How Do I Protect My Minor Children?

By Adil Daudi, Esq.

estate-planning-minorsIt’s unimaginable to think any parent would leave their minor child, or any child, abandoned. During their life parents sacrifice their time, energy, money, and everything in between to provide for their child. But what often goes unattended is that same care and protection upon the respective parents death.

Thinking about life and what happens after death to ones child is never easy; but, that is not to say it is not important. Unfortunately, accidents happen, and there is no guarantee that parents will outlive their children, more specifically their minor children.

Any parent with a minor should make it their top priority to take the necessary steps to ensure their child is protected in the event they pass away. Developing a protection plan for minor children includes outlining the parents’ wishes for their minor child, which should be part of any overall estate plan. A typical plan should mention and address some of the following:

1.    Creating the appropriate legal document naming a Guardian, whose role it would be to look after and raise the minor child upon the parents’ passing. Without such a document, the courts would intervene and decide who should act as Guardian;

2.    Providing additional names of potential Guardians to ensure the courts never get involved;

3.    Drafting a list of instructions for the Guardian to abide by with respect to how the parents want their child raised with respect to the parents’ values, morals, etc.

4.    Nominating a Trustee to manage the child’s inheritance/finances;

5.    Control how the child’s inheritance shall be governed and managed, i.e. when it is to be distributed, how it is to be distributed, what the inheritance should be used for, etc.; and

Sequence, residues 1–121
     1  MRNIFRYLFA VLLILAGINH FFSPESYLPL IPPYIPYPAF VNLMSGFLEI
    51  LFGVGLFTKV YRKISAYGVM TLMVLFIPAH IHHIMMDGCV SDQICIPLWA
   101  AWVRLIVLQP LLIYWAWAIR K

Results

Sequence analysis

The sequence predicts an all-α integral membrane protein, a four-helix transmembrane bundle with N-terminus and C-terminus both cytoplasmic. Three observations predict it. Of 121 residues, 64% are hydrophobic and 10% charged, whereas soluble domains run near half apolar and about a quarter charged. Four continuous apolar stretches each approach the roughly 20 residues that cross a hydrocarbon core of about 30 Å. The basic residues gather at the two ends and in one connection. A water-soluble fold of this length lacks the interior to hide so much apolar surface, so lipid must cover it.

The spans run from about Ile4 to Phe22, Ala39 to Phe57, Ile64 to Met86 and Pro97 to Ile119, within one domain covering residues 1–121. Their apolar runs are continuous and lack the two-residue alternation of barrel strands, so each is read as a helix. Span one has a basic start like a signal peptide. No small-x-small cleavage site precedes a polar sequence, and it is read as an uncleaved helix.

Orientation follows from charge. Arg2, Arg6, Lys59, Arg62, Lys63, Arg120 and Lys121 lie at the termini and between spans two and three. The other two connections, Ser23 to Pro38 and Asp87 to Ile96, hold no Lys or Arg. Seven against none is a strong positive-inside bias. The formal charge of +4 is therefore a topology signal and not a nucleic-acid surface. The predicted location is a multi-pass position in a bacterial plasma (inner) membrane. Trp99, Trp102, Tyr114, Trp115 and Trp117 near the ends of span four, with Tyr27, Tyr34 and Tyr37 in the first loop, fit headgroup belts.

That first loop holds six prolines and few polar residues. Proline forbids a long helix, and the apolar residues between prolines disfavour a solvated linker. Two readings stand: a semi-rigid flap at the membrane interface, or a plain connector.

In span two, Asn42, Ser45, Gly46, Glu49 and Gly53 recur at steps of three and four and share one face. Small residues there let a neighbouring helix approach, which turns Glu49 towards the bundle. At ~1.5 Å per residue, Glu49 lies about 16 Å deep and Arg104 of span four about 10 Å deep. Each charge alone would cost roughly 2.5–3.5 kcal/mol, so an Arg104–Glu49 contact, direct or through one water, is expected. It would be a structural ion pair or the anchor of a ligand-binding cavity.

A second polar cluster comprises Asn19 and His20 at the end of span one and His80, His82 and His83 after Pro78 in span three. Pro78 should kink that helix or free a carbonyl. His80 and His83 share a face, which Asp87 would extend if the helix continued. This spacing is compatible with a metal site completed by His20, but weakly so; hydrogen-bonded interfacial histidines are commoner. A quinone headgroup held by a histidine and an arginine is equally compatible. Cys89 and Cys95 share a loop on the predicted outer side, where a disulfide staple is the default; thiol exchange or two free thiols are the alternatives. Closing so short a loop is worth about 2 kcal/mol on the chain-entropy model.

6.    If the child has special needs and is receiving governmental assistance, drafting a plan to ensure the child’s assistance remains, as well as being allowed to receive the inheritance.

No parent should leave this world without having the proper documents in place to guarantee the protection of their child. People come up with enough excuses to push this plan aside and say “I’ll take care of it next week.” But, there is never any guarantee that “next week” will actually come. Without a plan, parents leave the selection of who will look after the child in the hands of a judge – i.e. a stranger. Further, any inheritance left for the child would be held under a court-supervised guardianship and again, making the judge to decide who is best suited to manage the child’s property. Further, once the child reaches the age of eighteen (18), the child is entitled to the entire sum of the inheritance, exposing the very real possibility of it all being spent before the child even reaches the age of twenty-one (21).

Unless the above is the plan envisioned by a parent, there is only one way to avoid it – see an attorney and devise a plan. No child should be left at the hands of the court, especially if it is because the parents never took the time to sit down and complete their estate plan.

Adil Daudi is an Attorney at Joseph, Kroll &Yagalla, P.C., focusing primarily on Asset Protection for Physicians, Physician Contracts, Estate Planning, Shariah Estate Planning, Health Care Law, Business Litigation, and Corporate Formations. He can be contacted for any questions related to this article or other areas of law at or (517) 381-2663.


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